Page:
How I Make My Videos #YouTubeGirls

Hey! So tomorrow, 1 August 2016, is the one year anniversary of a pretty nifty online movement called FemTube. It’s a community of online content creators coming together to discuss the challenges and changes in online video. They do a lot of cool stuff, including monthly hosted chats on Twitter, playlists, and a blog, so if you’re at all interested in online video and feminism you should definitely check it out!

To celebrate this milestone, FemTube started a tag called #YouTubeGirls where creators make a video explaining how they make their videos (videoception…) I always get questions asking about how I edit, equipment I use, and how I review albums, so I thought that this was an excellent opportunity to not only explain those things but also to connect with the wider YouTube community.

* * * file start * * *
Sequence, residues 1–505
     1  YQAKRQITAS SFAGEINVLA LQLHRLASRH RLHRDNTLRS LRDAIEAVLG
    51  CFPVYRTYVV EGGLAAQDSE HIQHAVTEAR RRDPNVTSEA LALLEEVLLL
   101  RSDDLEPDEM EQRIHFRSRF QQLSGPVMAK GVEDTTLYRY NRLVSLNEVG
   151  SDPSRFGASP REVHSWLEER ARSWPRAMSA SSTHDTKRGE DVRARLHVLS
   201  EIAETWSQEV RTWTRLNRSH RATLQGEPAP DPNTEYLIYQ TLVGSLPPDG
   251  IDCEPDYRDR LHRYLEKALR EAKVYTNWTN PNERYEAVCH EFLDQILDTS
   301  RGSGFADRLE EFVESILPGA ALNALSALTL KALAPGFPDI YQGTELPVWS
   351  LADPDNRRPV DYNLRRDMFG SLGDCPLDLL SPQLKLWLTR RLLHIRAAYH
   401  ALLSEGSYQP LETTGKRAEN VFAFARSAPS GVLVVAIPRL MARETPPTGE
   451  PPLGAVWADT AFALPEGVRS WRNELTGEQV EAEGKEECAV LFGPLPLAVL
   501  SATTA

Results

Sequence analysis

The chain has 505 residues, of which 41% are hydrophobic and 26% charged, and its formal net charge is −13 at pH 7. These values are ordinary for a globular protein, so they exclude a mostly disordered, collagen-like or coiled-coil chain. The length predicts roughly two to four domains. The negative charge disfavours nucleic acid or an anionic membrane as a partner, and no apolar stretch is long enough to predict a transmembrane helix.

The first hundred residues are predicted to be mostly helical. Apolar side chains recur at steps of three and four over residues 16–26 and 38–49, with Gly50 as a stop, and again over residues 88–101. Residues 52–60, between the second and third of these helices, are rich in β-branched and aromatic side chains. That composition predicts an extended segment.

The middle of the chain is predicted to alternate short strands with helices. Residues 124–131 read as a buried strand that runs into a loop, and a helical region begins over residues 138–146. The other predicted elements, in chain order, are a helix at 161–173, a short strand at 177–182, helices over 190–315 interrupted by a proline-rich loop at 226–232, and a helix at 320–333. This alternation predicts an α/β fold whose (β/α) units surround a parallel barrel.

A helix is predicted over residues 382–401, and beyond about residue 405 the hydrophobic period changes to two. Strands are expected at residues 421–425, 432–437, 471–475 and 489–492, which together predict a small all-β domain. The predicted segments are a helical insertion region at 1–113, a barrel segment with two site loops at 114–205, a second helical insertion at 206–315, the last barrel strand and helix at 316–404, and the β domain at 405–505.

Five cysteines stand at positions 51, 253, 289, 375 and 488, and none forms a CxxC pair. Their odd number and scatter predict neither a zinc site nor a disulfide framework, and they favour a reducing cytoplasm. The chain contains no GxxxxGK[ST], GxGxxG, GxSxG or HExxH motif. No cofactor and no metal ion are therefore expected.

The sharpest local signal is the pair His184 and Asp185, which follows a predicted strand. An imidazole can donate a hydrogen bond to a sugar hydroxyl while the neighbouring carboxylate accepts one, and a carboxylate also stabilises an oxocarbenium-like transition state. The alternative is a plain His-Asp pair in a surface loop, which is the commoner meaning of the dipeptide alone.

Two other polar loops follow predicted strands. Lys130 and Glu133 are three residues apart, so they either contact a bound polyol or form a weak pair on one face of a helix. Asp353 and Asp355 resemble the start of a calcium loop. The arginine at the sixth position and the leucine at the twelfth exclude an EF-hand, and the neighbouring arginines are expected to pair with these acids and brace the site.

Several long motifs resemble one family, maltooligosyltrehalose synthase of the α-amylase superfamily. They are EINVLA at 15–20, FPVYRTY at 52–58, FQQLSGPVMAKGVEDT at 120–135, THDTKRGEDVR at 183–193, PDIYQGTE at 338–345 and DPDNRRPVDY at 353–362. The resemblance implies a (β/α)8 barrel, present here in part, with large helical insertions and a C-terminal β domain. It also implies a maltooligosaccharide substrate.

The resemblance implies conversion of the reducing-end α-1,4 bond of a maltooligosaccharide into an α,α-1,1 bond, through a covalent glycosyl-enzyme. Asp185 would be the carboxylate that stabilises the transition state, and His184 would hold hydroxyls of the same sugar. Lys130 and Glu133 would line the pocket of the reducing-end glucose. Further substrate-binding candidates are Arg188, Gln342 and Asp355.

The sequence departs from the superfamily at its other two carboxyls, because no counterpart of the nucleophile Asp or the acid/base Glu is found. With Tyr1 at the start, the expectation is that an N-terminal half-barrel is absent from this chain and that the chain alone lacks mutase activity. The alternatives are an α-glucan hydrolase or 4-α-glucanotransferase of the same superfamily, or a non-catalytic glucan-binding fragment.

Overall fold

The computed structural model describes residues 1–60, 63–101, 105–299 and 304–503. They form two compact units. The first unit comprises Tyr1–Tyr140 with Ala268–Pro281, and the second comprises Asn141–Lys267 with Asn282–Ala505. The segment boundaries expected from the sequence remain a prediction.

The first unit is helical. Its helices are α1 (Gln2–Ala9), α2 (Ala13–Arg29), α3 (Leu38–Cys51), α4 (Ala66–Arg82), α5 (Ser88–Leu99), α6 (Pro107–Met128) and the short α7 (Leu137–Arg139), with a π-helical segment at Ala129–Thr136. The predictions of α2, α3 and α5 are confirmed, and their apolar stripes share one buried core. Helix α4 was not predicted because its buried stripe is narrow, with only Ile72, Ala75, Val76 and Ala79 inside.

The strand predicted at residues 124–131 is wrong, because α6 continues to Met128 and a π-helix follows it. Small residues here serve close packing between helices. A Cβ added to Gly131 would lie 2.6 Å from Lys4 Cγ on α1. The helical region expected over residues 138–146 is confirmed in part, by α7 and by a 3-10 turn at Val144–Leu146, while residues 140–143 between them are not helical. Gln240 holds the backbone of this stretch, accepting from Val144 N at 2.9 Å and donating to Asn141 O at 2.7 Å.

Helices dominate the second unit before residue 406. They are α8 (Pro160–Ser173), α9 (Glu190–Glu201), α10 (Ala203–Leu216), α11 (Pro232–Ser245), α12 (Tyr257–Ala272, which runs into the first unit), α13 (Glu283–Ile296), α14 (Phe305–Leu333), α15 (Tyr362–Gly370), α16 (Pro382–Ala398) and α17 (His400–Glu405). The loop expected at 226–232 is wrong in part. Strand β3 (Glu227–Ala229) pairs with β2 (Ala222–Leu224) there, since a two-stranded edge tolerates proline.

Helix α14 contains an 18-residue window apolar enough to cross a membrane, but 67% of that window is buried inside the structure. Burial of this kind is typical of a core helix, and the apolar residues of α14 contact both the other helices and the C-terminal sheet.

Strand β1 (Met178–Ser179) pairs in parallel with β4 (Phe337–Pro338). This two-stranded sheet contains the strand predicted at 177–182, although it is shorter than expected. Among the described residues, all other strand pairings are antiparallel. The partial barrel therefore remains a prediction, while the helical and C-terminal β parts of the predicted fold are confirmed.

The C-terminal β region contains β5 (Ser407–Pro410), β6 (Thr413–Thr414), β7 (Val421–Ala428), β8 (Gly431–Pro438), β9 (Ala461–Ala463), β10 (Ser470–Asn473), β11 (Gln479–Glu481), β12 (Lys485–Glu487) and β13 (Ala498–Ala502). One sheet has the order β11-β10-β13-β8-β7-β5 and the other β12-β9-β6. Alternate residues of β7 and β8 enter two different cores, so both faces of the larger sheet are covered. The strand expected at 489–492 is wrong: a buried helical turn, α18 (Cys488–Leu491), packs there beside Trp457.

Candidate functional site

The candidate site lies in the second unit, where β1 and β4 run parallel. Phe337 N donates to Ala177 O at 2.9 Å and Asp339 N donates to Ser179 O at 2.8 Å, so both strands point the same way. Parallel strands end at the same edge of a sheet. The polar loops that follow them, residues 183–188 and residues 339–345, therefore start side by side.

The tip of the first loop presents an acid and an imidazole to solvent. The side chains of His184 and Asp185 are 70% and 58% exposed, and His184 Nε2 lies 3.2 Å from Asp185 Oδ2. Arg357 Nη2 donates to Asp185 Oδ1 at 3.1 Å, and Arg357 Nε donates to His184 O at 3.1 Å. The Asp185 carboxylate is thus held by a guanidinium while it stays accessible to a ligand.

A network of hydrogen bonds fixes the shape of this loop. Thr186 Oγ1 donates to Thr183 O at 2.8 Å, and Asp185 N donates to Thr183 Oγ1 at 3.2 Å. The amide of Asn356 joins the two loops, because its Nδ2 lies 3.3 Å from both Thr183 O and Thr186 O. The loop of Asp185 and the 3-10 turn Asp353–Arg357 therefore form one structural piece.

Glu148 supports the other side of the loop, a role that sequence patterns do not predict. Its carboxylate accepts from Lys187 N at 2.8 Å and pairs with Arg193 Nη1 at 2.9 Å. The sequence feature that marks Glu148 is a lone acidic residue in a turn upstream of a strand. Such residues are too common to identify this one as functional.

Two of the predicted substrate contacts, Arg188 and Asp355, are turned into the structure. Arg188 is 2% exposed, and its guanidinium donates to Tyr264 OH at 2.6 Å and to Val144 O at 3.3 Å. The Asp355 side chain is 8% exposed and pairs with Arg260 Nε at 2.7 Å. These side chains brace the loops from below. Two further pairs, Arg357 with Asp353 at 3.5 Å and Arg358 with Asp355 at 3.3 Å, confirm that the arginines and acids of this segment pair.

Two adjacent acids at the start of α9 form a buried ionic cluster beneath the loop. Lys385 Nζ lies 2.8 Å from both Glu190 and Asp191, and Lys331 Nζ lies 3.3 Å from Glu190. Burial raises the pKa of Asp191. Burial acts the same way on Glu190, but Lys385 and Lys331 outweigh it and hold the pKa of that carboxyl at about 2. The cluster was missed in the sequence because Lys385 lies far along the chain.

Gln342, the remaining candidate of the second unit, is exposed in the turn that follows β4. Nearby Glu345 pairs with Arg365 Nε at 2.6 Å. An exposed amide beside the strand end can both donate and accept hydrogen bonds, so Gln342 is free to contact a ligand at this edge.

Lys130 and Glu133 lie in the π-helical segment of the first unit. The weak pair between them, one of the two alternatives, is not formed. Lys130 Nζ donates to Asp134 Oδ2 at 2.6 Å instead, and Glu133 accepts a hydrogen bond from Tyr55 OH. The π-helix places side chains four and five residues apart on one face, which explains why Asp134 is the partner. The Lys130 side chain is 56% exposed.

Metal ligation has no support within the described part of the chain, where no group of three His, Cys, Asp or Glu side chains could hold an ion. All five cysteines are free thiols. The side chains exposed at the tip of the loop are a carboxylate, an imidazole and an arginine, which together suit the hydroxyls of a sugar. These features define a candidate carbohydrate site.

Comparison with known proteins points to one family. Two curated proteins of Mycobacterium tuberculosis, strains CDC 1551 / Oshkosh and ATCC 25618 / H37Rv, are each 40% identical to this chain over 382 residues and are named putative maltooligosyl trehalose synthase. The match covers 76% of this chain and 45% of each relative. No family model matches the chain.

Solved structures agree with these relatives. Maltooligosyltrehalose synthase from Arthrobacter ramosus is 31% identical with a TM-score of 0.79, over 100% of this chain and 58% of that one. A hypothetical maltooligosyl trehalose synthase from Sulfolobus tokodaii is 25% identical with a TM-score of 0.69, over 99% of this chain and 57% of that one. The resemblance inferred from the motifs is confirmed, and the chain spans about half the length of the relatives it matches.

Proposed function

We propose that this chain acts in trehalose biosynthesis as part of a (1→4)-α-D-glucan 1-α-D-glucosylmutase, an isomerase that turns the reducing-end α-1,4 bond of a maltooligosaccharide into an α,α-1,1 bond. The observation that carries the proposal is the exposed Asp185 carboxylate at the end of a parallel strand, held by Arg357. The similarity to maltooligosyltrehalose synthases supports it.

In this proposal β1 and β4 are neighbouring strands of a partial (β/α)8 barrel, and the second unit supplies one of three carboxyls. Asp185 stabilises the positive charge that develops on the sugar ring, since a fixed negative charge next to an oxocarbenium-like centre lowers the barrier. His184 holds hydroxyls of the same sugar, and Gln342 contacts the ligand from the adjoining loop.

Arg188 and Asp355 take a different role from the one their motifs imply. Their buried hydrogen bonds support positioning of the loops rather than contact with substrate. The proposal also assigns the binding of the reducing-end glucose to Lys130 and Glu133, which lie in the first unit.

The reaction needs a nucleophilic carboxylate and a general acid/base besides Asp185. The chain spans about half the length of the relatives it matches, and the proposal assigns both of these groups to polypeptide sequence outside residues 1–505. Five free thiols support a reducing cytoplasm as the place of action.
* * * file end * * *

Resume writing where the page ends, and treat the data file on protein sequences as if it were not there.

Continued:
So, whether you’re a veteran video maker or just starting out, I hope that this video is useful to you 🙂

As I mention, I’ll be making a follow-up Q&A video about this so please send me any questions you have – they can be as specific or as broad as you like!



So how do I make my videos? Well, the truth is it takes a lot of time and a few different kinds of skills. I’ve broken my production process down into four stages and I’m going to take you through each of those, and yes we will be getting into the nitty gritty details.

So are you ready? You’ve got your notepad out?


It all starts with an idea, whether that comes from an album I can’t stop listening to, an event that I hear about, or a suggestion that I get in my comments. I wish I could tell you more about this process, however it’s the one that I understand the least. An idea is an idea and if you have one you’ll know it.